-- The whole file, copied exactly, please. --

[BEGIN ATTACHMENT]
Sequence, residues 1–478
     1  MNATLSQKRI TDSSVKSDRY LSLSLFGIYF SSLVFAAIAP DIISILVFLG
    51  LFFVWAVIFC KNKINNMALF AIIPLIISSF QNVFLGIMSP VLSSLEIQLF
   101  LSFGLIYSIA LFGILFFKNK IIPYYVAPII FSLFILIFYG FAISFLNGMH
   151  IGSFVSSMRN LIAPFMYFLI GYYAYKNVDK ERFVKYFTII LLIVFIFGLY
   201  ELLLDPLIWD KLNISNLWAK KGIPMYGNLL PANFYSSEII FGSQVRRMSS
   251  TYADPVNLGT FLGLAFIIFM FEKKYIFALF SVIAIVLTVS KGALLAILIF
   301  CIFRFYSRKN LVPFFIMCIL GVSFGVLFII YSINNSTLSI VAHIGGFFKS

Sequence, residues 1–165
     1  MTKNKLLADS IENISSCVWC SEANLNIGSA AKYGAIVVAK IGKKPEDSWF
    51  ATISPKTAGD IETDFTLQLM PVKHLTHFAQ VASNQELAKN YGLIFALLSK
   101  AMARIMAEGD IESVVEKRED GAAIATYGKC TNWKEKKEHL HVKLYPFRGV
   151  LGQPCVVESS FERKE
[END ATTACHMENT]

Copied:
Sequence, residues 1–478
     1  MNATLSQKRI TDSSVKSDRY LSLSLFGIYF SSLVFAAIAP DIISILVFLG
    51  LFFVWAVIFC KNKINNMALF AIIPLIISSF QNVFLGIMSP VLSSLEIQLF
   101  LSFGLIYSIA LFGILFFKNK IIPYYVAPII FSLFILIFYG FAISFLNGMH
   151  IGSFVSSMRN LIAPFMYFLI GYYAYKNVDK ERFVKYFTII LLIVFIFGLY
   201  ELLLDPLIWD KLNISNLWAK KGIPMYGNLL PANFYSSEII FGSQVRRMSS
   251  TYADPVNLGT FLGLAFIIFM FEKKYIFALF SVIAIVLTVS KGALLAILIF
   301  CIFRFYSRKN LVPFFIMCIL GVSFGVLFII YSINNSTLSI VAHIGGFFKS

Sequence, residues 1–165
     1  MTKNKLLADS IENISSCVWC SEANLNIGSA AKYGAIVVAK IGKKPEDSWF
    51  ATISPKTAGD IETDFTLQLM PVKHLTHFAQ VASNQELAKN YGLIFALLSK
   101  AMARIMAEGD IESVVEKRED GAAIATYGKC TNWKEKKEHL HVKLYPFRGV
   151  LGQPCVVESS FERKE